By Dennis Shaughnessy
There are two terrific recently released films that I recommend to our readers.
The first is “Period. End of Sentence”. This short documentary won an Oscar/Academy Award for the category Best Documentary-Short Subject. It chronicles the profound impact of the introduction of locally produced affordable feminine hygiene products on poor women and girls in India. Situated in Hapur, India and inspired by the creator of the machine that is used to manufacture low-costs sanitary pads, Arunachalam Muruganantham, the film reveals how a group of women came together to create a small-scale manufacturing operation for these pads to be sold at low prices to local women and girls. Far too many women and girls experience the “shame” often associated with menstruation in some communities where the topic remains taboo.
We have longed admire Aakar Innovations (where NU alum Gail Batutis worked as our inaugural SEI Fellow) and other social enterprises who work in this important space at the intersection of public health and social enterprise. For years we have shown in our classes Muruganantham’s short video called “Rags to Pads” to introduce how womens empowerment can begin with micro-enterprise creation through grassroots innovation.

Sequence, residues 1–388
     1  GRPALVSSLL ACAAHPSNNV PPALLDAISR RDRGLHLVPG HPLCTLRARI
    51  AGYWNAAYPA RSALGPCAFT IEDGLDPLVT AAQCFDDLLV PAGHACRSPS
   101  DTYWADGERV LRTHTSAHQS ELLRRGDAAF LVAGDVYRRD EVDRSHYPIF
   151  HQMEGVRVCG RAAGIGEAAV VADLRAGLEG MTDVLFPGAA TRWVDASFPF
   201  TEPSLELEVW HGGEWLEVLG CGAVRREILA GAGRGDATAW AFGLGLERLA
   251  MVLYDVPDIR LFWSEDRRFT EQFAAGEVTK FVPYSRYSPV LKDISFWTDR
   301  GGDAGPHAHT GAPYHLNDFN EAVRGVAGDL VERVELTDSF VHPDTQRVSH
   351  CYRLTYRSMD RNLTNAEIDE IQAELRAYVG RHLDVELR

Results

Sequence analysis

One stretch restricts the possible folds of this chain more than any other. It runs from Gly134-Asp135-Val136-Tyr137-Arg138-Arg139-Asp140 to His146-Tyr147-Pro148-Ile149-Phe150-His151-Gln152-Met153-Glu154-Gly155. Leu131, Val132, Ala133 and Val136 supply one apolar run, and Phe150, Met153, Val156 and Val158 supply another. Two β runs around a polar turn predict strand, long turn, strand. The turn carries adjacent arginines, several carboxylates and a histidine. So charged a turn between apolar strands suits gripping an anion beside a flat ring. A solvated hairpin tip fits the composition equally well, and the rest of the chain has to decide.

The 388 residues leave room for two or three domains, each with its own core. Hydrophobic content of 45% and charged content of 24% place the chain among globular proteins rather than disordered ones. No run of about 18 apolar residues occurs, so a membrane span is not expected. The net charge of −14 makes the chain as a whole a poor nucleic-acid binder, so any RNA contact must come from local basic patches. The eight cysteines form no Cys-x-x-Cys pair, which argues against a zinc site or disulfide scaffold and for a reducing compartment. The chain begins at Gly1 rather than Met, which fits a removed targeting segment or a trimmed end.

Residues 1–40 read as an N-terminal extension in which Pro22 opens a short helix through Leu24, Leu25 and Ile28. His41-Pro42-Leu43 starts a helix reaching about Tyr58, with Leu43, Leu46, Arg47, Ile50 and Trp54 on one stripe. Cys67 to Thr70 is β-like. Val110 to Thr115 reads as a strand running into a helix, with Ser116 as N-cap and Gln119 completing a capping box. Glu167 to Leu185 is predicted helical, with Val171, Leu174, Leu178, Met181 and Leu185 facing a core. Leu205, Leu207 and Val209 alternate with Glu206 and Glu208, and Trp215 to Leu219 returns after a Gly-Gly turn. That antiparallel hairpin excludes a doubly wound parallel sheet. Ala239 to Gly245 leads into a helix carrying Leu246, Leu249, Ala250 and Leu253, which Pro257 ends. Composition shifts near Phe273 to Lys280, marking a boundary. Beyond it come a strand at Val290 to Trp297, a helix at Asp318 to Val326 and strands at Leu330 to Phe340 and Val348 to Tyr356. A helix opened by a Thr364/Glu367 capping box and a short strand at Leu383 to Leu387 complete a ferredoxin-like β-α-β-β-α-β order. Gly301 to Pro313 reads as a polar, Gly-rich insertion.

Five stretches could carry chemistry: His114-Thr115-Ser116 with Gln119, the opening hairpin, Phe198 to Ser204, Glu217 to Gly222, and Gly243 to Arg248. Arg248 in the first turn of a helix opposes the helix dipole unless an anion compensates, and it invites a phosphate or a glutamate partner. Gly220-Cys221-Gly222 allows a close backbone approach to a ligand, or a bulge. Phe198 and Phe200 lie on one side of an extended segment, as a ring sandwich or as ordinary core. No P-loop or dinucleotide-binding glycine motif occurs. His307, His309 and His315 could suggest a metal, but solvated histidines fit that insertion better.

An affiliated organization sponsored by a high school in California called “The Pad Project” raises funding for the replication of these “mini-factories” in other poor and low income communities.
Our trip later this year to Cape Town includes a project to replicate the work seen in this movie in one or more of the townships.
The second film is “The Boy Who Harnessed the Wind”. This Netflix Original Movie stars Chiwetel Ejiofor, originally from Malawi and also the director of the film. It is the movie adaptation of a 2009 book by the same name that tells the compelling story of William Kamkwamba.
Growing up in rural Malawi on a smallholder farm not unlike those supported by social enterprises like The One Acre Fund and Root Capital, Kamkwamba created a patchwork irrigation system using a windmill for electricity to drive the water pumps during the dry or “hunger” season. This film allows us to see the importance of universal access to quality education as well as the power of grassroots innovation to solve social problems.
Kamkwamba is a determined and passionate young inventor who is motivated by a drought-driven famine in his village of Wimbe near Kasungu. His story of how he overcame the many challenges to receiving a quality education in a poor rural community is inspiring.
So many of the world’s poorest families live in rural communities in which farming is the primary source of nutrition and income. Providing tools and information to smallholder farmers that can improve their production and yields is one of the most potent forms of poverty alleviation. A continued focus globally on supporting smallholder farmers is an essential step in making further gains in reducing the suffering of extreme poverty, especially given the impact of climate change on the world’s poorest farmers.